By Lucie Shelly
Carrboro Commons Staff Writer
On that fateful Feb. 8, the Tar Heels lost. To Duke. I’m still in shock. Horrible, dumbfounded, disbelieving shock. I was in the risers, and the risers were struck like a cresting wave sneezed on by the Ice Queen.
And the shock lasted. The next day on the bus brought an eerie silence. Even with the travel mugs full of caffeine, there was no chitter-chatter. I distinguished a soft whisper as we rounded Raleigh Street when a girl said to her friend, “Yeah. She rushed Franklin Street early. It was terrible.”
But life must return to normal, and although it might seem odd to find ‘normality ’ in Carrboro, the CW bus was a much livelier affair. Like the wheels of a bus, life keeps turning. In fact, I discovered that even the most mundane tasks must be attended to: laundry must be done.
After cruising down the newly reopened Weaver Street, the bus pulled to a stop just past the Century Center. A few got on, a few got off, the bus moved out – for about two seconds. The bus came to a sudden, lurching stop as a man with purple headband ear warmers that had fallen over his eyes and about four bags draped and strapped across him ran for the bus. The bus driver pulled back her window, “You need to get on?” she says. I didn’t catch his reply, but the doors swung open again, and the loaded down man clambered on.
He proceeded to rearrange his bags: one in the small luggage-top, two in the seat beside him, and one hitchhiker backpack on the floor at his legs. Either this man was about to mastermind the bus connections and make it all the way to Alaska, or he was frugally moving homes.
Neither was the case. “It’s all my laundry,” he explains.
Eric Baldwin, a 24-year-old who lives on West Main Street in Carrboro, has lived in this town his whole life. He tells me he knows his way around, and this is further affirmed when he tells me that the launderette he previously went to on Martin Luther King Boulevard charges $7 per load, and although it has larger machines than the one he now goes to on Jones Ferry Road, the latter charges just $3 per load, and he can really stuff the machine.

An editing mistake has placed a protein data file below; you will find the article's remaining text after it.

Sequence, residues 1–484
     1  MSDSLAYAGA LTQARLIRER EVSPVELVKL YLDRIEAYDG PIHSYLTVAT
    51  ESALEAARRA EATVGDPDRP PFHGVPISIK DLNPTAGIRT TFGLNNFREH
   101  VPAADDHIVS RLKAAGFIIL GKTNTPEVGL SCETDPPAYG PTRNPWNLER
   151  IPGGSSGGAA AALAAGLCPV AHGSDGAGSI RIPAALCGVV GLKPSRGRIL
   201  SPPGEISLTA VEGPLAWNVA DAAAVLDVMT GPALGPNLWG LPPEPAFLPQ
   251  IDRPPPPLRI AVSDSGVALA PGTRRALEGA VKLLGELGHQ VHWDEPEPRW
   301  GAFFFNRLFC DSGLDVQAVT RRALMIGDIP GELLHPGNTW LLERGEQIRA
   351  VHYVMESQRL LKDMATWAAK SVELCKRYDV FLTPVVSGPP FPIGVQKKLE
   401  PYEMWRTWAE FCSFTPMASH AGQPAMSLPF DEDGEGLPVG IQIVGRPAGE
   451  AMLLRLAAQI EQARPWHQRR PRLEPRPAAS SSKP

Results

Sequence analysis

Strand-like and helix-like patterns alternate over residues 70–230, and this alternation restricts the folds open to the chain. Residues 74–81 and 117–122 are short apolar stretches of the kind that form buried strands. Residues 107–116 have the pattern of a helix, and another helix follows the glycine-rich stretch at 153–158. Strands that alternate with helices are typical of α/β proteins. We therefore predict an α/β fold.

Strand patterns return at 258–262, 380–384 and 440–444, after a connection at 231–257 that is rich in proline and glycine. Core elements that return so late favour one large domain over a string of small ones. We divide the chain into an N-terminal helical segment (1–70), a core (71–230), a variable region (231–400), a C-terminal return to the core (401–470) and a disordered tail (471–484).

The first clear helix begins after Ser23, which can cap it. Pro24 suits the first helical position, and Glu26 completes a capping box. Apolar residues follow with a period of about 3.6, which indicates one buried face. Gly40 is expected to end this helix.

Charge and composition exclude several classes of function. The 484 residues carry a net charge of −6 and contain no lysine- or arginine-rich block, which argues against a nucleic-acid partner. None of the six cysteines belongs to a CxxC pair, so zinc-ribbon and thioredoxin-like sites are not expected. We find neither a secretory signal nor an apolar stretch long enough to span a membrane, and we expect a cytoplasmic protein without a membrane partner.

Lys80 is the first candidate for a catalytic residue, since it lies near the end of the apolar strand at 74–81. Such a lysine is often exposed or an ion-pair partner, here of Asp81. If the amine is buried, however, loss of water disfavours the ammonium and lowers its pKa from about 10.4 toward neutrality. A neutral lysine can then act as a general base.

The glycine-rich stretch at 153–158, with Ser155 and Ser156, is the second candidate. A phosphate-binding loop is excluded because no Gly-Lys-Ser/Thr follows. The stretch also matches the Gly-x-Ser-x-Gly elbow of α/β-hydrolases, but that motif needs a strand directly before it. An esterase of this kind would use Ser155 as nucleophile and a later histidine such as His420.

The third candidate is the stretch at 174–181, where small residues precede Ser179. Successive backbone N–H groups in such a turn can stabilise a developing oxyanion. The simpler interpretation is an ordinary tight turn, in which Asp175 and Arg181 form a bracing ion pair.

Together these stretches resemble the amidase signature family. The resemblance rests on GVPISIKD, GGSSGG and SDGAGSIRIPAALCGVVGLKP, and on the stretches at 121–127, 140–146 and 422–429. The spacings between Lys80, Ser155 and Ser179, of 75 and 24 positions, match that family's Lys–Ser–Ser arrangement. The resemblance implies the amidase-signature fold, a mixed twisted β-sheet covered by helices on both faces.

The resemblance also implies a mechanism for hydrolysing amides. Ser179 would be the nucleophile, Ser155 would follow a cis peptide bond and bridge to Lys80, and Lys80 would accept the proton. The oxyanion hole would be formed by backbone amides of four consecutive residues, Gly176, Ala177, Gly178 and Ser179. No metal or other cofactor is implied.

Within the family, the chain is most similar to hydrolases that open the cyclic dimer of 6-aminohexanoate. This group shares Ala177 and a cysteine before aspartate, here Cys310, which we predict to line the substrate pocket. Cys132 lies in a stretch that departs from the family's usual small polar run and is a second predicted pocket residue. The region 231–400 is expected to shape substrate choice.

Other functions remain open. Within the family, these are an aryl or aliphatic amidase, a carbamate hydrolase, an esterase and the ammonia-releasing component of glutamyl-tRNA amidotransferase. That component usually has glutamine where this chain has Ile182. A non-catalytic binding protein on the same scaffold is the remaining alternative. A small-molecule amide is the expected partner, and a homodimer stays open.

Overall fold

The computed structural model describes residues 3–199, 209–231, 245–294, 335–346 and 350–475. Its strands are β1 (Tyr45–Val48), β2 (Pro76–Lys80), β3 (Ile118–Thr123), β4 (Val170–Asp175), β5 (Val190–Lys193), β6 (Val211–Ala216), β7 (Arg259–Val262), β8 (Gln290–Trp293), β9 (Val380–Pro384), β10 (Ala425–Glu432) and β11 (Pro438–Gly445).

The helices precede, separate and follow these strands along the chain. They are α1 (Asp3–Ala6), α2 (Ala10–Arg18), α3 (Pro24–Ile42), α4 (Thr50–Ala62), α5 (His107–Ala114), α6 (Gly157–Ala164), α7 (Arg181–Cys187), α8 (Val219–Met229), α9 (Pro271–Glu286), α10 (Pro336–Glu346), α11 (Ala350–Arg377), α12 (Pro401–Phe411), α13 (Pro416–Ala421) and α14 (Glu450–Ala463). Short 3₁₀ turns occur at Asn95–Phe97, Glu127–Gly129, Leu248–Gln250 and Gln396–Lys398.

“I do laundry every two weeks. This bag is actually blankets; it’s not just all clothes. But I had to do it today because you see these clothes,” he says, tugging at his jacket, “Even these aren’t that clean.”
While he finds the price at Jones Ferry Road agreeable, there is still the small issue of carting his load there and back.
“I was gonna call my grandmother and leave some of my stuff there,” he concedes. “But I think she’s busy. She drives.”
Ah, the easy life of those with personal vehicle transportation. Easy though it may be, they certainly miss out on an incomparable kind of social experience. As he speaks, it emerges that there’s another reason why Eric chooses not to drive.
“If I had a license and I had money to buy insurance and [stuff] like that, I make a right turn, and the police pull me over .”
I’m thinking, this is 2012? Never mind the date, this is Carrboro, the liberal bubble of North Carolina?
“I dunno, they watch,” says Eric. “I would be subject for drinking while driving, subject for being black in a white neighborhood. I know my way around, and the white guys will say to me, ‘You’re in my hood,’ and I say, ‘You’re crazy man, there ain’t no hood no more.’ I don’t pay any attention.”
There are other things that are keeping him busy, he says.
“I go to Ashworth College. It’s in G.A. I do it online. I do my online class at Durham Tech. The North campus in Greensboro.”
The CW bus route actually makes a brief pass near my university when it circles Columbia Street. As we skirt Chapel Hill, he asks me if I too am student. I tell him I am.
“Tough loss the other night,” he sympathizes. Or so I think.
“I’m not a Carolina fan,” he says. “I think your ACC should be better than what it’s been for the last four years. It’s been like, ‘Well, we have a bunch of seniors and you guys have a bunch of freshman, so we win.’”
Eric’s men have moved on, he says he was a fan in the days of Ty Lawson, Wayne Ellington, back when Tyler Zeller was a freshman, and years before that.
“I’ve been ridin’ with Hansbrough since he was a freshman. Carolina was my favorite team at the time,” he admits. But now that his group has moved on, he says that things have changed.
“Their competition of the game changed. It ain’t the way they play. It’s the way they give up on themselves. The way they gave up on the Duke game. The way the coach isn’t really ‘Get back down in the paint.’ You gotta set up for the guy that’s quicker than you. So he’s quicker to release the shot and make a move and that’s what happened he was quick enough to look at the rim, and make a move and he sunk it right in their face.”
This is a considerable change from the remarks I heard a few bus rides ago. It’s another perspective and another story. But even though I differ with Eric in our allegiance to Carolina, I meet him on another point. I really need to do some laundry.
For a printer-friendly version of this post click here .